The call is a whistled kwo kwo kwo kweeoo.
This species has an Afrotropical distribution and can be found throughout southern and East Africa, from Ethiopia and Sudan in the north to South Africa (north of 26S) in the south, ranging as far west as the southern Democratic Republic of the Congo and southeastern Gabon. It is a partial migrant, with many populations in southern Africa and East Africa appearing to be resident year-round, while the species has only ever been recorded as a breeding visitor in Sudan and as a largely non-breeding visitor in Ethiopia and the former Transvaal, where it is considered locally nomadic. However, seasonal movements have been recorded even in areas in which the species is considered resident, for example in Zimbabwe, where there is an influx of birds in the dry winter months.
The species inhabits a variety of different habitats, including open acacia and miombo woodlands, grasslands and thornbush savannas, and even semi-arid savanna and desert areas. It avoids mountainous and forested areas. It is usually found singly, although communal roosts of up to 200 birds have been recorded in the non-breeding period. The species is also known to make use of anthropogenic habitats such as farmland and electricity pylons or telephone poles. It is sympatric with the brown snake eagle in much of its range, and the two species have been reported to nest in neighbouring or even the same pylon without apparent animosity.
As its name indicates, this bird feeds mostly on snakes (particularly venomous snakes up to 80 cm. in length), but will also prey on lizards, insects, small mammals and frogs. It mainly hunts from a perch or by hovering or searching the ground, stalking prey on the wing and then parachuting slowly to the ground to capture its prey. The species has also been found to be highly dependent on seasonal fluctuations in small mammal prey availability, with its numbers increasing in accordance with booms in small mammal abundance in the Serengeti National Park. A specimen collected from Morogoro in 1922 was found to have a pellet of rodent fur and a hissing sand snake in its stomach contents.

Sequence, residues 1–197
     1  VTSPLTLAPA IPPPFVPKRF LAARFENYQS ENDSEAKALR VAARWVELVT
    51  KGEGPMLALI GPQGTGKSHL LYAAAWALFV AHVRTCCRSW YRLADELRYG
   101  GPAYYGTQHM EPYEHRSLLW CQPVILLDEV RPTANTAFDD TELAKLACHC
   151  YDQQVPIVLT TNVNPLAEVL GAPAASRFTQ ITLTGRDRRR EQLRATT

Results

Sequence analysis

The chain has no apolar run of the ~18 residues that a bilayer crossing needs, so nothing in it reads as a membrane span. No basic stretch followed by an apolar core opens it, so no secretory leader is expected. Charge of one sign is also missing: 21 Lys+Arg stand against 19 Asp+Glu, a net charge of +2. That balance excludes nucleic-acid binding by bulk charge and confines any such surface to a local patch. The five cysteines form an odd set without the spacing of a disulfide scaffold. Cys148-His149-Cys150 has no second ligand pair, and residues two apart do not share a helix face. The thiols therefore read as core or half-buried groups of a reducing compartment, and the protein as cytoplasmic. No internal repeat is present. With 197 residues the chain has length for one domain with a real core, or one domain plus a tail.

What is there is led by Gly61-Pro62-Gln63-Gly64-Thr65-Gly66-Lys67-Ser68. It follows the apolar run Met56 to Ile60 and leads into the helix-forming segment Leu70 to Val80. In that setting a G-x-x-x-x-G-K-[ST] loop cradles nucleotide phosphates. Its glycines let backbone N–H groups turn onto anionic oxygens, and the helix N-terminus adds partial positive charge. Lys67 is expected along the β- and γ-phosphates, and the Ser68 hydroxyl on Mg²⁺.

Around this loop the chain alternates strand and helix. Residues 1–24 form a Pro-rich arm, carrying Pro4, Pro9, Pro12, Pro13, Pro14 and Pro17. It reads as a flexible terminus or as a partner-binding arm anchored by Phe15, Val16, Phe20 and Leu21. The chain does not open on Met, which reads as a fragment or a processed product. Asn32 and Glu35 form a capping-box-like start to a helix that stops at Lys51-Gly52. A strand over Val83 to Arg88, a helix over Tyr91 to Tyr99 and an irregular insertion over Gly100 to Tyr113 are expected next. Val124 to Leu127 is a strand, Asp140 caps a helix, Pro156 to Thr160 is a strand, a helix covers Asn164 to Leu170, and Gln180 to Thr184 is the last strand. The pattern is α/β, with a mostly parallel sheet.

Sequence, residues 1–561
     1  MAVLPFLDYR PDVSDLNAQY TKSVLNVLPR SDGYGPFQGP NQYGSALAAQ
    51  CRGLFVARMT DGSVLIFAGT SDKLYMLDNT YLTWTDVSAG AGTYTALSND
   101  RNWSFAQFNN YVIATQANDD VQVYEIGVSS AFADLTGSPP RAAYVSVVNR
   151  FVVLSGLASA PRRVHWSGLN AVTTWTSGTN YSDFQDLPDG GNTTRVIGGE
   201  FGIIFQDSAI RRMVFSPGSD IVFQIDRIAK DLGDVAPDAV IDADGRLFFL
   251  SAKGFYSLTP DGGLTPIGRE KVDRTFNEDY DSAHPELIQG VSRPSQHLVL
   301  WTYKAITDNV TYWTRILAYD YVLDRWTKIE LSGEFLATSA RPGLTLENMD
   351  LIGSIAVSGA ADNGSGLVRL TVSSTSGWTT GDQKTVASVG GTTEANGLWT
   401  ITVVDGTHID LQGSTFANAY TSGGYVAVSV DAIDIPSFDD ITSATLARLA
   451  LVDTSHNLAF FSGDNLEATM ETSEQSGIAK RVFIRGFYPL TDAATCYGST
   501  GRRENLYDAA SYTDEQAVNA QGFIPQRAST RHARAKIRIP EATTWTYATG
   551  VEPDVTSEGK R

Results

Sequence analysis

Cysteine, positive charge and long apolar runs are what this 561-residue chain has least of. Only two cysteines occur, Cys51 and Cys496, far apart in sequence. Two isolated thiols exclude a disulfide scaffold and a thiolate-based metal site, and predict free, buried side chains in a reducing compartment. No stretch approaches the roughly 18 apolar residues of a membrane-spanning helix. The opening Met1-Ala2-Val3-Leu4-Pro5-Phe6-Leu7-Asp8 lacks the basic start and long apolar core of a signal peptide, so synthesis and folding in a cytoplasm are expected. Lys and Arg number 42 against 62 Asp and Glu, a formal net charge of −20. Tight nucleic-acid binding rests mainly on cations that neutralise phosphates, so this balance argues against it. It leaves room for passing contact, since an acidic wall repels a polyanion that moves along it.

The black-chested snake eagle nests in trees (typically in the crown of flat-topped acacia, although there is one record of the species nesting in the pine Pinus patula), and typically builds its nests concealed in mistletoe or epiphytic vegetation. The nest itself is a small stick structure. The female will lay only one egg per clutch, which is white and unmarked in appearance. The egg is incubated for 52 days, with the female performing the incubating alone while the male provides her with food. After hatching, the chick remains in the nest for approximately 3 months (90 days). Breeding occurs year-round, although it peaks during the dry winter months in South Africa; in the Kgalagadi Transfrontier Park, the peak time of egg laying has been reported to be between June–July, whereas eggs are laid slightly later in the former Transvaal, around July–August. In Zimbabwe and Zambia, nests containing eggs have been found from February to December, with a peak around April–July (in Zambia) and July–September (in Zimbabwe).